Judy wrote:
The part about ranch life I find interesting, as described by you and the Pioneer Woman, is the differences in how you describe the work and the way it is done. I get a sense that your WY ranch is more like ranching has been for hundreds of years and their OK ranch is more of a big production. Is that an accurate understanding? 

What about ranch life gives you the most joy?

Judy, LOL!  My first reaction?  It’s because they’re a big production and RICH!  I think Pioneer Woman, without realizing it, does ranching a disservice in the respect that now a bazillion readers think that ALL ranchers are like her.  Believe me, 90% of us are NOT like her, in that we’re not flying everywhere, living in or building a Lodge, or staying in the house.  If the women ranchers I know don’t have a town job, most of them are out working alongside their husband, riding, driving tractor, calving, etc.  Our wages, if we get one, are pitiful.  There’s no way we could give away cameras, pots and pans, and anthropologie gift certificates.  Much less have a favorite fingernail polish.  She *has* done a great deal for the ag community though, so many people are disconnected that her descriptive words and photography do bring light to a topic virtually unknown in America these days.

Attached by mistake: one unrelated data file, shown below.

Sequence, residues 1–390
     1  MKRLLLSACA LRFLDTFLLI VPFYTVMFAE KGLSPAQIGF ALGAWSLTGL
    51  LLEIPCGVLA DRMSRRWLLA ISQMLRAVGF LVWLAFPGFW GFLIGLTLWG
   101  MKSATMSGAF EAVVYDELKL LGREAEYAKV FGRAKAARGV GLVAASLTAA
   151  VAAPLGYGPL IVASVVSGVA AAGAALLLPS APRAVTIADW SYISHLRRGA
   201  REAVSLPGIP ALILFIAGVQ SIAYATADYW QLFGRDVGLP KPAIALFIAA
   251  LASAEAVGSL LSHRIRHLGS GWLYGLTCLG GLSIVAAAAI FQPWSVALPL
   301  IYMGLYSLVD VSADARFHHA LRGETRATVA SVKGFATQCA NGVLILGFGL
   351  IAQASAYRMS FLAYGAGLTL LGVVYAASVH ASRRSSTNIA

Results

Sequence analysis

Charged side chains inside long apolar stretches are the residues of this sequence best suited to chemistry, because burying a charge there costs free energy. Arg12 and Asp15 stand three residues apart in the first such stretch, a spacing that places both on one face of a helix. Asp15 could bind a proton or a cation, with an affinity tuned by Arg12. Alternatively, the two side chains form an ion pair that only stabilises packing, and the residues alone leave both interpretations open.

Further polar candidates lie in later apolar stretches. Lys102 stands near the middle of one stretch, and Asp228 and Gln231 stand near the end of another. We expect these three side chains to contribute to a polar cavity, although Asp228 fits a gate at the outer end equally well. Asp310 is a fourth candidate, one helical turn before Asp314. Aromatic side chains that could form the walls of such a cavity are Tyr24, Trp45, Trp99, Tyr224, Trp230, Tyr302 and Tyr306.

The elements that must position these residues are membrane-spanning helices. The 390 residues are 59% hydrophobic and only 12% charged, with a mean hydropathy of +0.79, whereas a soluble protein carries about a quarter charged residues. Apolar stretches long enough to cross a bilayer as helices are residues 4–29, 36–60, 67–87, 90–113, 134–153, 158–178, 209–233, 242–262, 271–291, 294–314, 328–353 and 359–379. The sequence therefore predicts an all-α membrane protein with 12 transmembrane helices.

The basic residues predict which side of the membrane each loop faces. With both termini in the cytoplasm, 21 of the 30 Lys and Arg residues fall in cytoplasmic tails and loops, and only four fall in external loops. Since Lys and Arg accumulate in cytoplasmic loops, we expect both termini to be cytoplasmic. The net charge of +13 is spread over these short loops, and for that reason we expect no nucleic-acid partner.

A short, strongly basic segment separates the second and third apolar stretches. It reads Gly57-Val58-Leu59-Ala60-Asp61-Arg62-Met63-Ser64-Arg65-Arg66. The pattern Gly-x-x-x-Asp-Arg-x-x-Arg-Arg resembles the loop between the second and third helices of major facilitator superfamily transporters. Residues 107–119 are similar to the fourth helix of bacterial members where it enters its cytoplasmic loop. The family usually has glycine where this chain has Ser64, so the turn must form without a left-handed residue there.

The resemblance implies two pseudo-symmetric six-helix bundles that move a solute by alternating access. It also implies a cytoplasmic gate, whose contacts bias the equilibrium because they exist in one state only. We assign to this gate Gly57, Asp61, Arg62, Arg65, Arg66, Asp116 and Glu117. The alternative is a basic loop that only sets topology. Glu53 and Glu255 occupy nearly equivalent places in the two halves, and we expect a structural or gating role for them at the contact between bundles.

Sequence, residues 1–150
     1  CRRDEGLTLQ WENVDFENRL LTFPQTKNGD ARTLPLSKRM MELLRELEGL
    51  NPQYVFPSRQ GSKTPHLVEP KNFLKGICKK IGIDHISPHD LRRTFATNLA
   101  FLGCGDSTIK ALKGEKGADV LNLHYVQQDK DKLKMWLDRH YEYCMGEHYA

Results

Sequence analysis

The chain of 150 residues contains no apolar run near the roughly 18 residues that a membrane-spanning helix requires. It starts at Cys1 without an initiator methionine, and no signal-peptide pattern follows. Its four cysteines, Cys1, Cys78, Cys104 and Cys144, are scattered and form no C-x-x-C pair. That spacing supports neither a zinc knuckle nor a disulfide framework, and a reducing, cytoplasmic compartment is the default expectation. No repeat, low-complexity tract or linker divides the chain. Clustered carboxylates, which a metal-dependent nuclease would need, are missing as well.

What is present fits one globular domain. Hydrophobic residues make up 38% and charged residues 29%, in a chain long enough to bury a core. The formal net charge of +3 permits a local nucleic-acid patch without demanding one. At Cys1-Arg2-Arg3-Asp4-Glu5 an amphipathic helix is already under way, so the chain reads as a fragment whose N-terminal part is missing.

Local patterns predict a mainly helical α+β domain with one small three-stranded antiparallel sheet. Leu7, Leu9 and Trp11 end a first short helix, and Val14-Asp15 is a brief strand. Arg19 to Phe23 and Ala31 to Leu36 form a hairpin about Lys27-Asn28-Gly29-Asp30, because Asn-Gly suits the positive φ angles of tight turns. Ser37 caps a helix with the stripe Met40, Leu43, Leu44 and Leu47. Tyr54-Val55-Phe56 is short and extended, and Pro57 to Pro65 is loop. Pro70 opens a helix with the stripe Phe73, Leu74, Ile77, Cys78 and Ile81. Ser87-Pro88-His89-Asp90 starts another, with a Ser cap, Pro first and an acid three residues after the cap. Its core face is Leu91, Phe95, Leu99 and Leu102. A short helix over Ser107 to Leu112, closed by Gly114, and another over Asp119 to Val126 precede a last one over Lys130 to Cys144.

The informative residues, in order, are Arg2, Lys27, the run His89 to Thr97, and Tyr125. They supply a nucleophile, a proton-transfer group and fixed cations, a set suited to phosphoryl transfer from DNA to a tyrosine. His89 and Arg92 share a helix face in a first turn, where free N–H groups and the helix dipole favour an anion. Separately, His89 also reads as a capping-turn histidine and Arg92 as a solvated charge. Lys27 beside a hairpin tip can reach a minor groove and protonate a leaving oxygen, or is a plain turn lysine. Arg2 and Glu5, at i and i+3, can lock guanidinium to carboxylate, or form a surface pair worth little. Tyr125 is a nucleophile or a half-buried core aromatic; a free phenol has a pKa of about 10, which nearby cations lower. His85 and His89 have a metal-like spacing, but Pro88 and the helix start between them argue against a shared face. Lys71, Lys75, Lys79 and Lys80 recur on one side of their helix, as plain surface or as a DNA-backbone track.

GD wrote:
Ok….the first time you ever made a “jacket”, were you able to handle it in stride or did it make you cry (and does it still)? How did you get through it?

When I was first married, we got some bum lambs to feed.  If you’ve ever had bum lambs, you know you can look at them and they keel over.  That was hard.  I’d bawl.  Same with some scoury calves I’d doctored.  I’d bawl.  But then came magic.  A calf dies, but another calf lives when you jacket them and stick them on the momma.  *That’s* what I focused on.  You can’t save every animal… you just can’t, and you have to face that… but, wow, looking at the jacketed calf running and playing just days afterwards… THAT’S GREAT!